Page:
The left is in crisis. It cannot win elections. It wonders why this is so. Its sponsors in the broadcast media wonder likewise. A story such as this crops up and they pile into it, convinced that this is the issue which will finally make the dunderheaded voters realise that we’re living Under Fascism, I mean like actually, OMG, we really are. And all those people who trooped across to the Tories in December look at the plane taking off and think: ‘At last! Why on earth didn’t I vote Conservative before?’

Harvard Professor Sounds Alarm on ‘Likely’ Coronavirus Pandemic: 40% to 70% of World Could Be Infected This Year

Harvard Professor Sounds Alarm on ‘Likely’ Coronavirus Pandemic: 40% to 70% of World Could Be Infected This Year. By Charlie Nash.

Harvard T.H. Chan School of Public Health professor Marc Lipsitch told the Wall Street Journal this week that “it is likely we’ll see a global pandemic” of the coronavirus with up to 70 percent of people infected worldwide.

“I think it is likely we’ll see a global pandemic,” Lipsitch claimed, adding that “If a pandemic happens, 40% to 70% of people world-wide are likely to be infected in the coming year.”

What proportion of those will be symptomatic, I can’t give a good number,” he continued.

Who’s agenda is this? Why not quarantine and block international travel?

There’s already a village in Vietnam locked down, and Vietnam will not allow any cruise ships to visit.

China Admits That More Than Half A Million People Have Had “Close Contact” With The Infected. So it’s at least that many.

China Is Disintegrating: Steel Demand, Property Sales, Traffic All Approaching Zero, by Tyer Durden. Several indicators are flatlining, for example:

Coal consumption in power plants, as Chinese electricity use craters:

Chinese real estate, property sales across 30 major cities:

Construction steel sector. As Goldman puts it, “construction steel demand is approaching zero.”

Many more  at the link.

Ask yourself: How serious would a disease have to be to make the Chinese react the way they are? For starters, it would have to be very contagious — and that is now established fact. But the death rate? Higher than the 0.15% for the flu obviously, but what? Or could we instead be seeing a massive distrust of government, reluctance to go to concentration camps with sick people, settling political scores, and the consequences of an authoritarian government? Or is the death rate simply much higher than for flu and most everyone is scared witless?

Coronavirus can be spread by people who don’t show symptoms, US CDC warns

Coronavirus can be spread by people who don’t show symptoms, US CDC warns, by Jackie Salo.

Coronavirus can be spread through people who aren’t exhibiting symptoms of the illness, the director of the Centers for Disease and Control and Prevention said Thursday.

Dr. Robert Redfield confirmed reports out of China that the virus can spread when the person is still asymptomatic, according to CNN.

How it spreads: Wuhan virus in Hawaii? By Lion of the Blogosphere.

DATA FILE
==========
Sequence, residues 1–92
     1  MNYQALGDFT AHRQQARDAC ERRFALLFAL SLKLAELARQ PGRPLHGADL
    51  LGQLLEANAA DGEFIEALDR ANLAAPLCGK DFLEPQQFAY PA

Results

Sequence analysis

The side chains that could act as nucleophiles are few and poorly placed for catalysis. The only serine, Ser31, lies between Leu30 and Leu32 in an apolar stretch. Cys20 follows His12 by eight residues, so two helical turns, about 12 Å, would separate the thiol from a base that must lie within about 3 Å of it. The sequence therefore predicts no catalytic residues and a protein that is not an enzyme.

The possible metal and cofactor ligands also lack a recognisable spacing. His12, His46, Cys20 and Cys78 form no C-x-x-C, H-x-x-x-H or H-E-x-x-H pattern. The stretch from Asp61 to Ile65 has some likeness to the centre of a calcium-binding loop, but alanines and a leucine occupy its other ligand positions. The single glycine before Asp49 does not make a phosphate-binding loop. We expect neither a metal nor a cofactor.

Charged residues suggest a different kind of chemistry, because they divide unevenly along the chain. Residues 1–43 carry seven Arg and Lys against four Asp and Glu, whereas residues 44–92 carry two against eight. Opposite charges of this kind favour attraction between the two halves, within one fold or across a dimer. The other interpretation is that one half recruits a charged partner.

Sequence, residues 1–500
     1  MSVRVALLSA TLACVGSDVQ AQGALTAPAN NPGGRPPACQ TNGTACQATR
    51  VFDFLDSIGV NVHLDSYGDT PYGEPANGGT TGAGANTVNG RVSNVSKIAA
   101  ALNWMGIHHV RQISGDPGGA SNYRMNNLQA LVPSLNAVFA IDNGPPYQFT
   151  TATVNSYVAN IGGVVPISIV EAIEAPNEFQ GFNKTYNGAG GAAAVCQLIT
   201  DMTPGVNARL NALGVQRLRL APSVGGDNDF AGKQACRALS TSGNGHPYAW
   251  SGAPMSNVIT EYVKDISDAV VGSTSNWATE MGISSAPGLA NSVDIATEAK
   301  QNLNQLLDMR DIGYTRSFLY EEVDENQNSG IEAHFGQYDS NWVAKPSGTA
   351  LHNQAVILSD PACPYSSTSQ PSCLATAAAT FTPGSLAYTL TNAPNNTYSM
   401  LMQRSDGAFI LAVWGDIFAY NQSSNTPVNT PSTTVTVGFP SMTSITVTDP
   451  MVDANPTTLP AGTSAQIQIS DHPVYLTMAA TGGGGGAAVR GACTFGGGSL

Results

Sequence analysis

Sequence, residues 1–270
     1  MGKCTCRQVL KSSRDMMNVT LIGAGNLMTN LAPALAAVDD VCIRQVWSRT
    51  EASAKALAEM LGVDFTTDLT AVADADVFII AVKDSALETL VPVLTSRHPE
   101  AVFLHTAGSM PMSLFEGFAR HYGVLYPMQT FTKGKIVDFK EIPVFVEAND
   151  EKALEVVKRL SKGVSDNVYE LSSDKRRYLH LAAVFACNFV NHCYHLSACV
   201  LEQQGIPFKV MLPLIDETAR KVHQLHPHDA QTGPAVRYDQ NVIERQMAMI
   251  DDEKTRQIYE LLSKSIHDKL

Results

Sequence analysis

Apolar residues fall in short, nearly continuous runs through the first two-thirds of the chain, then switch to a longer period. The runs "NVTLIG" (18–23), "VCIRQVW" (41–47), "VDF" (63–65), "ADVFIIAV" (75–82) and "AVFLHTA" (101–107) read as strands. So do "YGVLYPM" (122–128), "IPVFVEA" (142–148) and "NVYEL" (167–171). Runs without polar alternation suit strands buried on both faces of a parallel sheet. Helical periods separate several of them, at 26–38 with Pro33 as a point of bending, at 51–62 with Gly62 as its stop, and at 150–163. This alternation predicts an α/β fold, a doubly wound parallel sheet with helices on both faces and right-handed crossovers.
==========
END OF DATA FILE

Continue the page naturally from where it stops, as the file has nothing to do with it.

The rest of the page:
Let’s examine the timeline:

  • January 28: Japanese man arrives in Hawaii.
  • January 31: Trump orders travel ban for anyone who had been in China during the previous 14 days.
  • February 3: Japanese man first had cold symptoms.
  • February 7: Man returns to Japan.
  • February 8: Japanese man visits doctor with 38C (100.4) fever.
  • February 10: Japanese man visited hospital and had signs of pneumonia.
  • February 13: Japanese man is hospitalized.
  • February 14: Japanese man tests positive for the Wuhan virus.

Given that virus symptoms usually take 6 days or less to first appear, and assuming his “cold” was the first symptom, it’s most likely that the Japanese tourist caught the virus in Hawaii and he did not bring it with him from Japan.

Approximately 15,000 Chinese tourists visit Hawaii each month, and the visit of the Japanese man happened just before the travel ban.

I believe it’s highly likely that the Japanese man caught the virus, either directly or indirectly, from a Chinese tourist who was also in Hawaii. The Japanese man’s vacation happened before the travel ban would have prevented Chinese tourists from also being in Hawaii.

If only we had instituted the Chinese travel ban a week earlier.

Notice how the Japanese man went for several days without symptoms, or only mild cold-like symptoms, during which time he may have been spreading it.

How much coronavirus is there in the West? No one knows. And Chinese students are side-stepping the travel ban from China by going via a third country. Duh.

The globalist/PC line is that put out by China and their puppet at the WHO: travel bans and quarantines don’t work. Obliviously they work, if in place early enough.

Which is cheaper?

  • Making everyone who comes into Australia by any means go into two weeks quarantine at a remote location. Cost: accommodation, time lost, and most journeys are postponed or cancelled. No deaths.
  • Allowing people who come by air into the Australian population, then putting all those who get severely sick into intensive care in hospitals. Cost: A day at an ICU costs $5,000 per day, and the number of ICUs is geared to the normal ‘flu season and other emergencies — that is, there won’t be nearly enough of them. Crash-build many more ICUs. Possibly lots of deaths.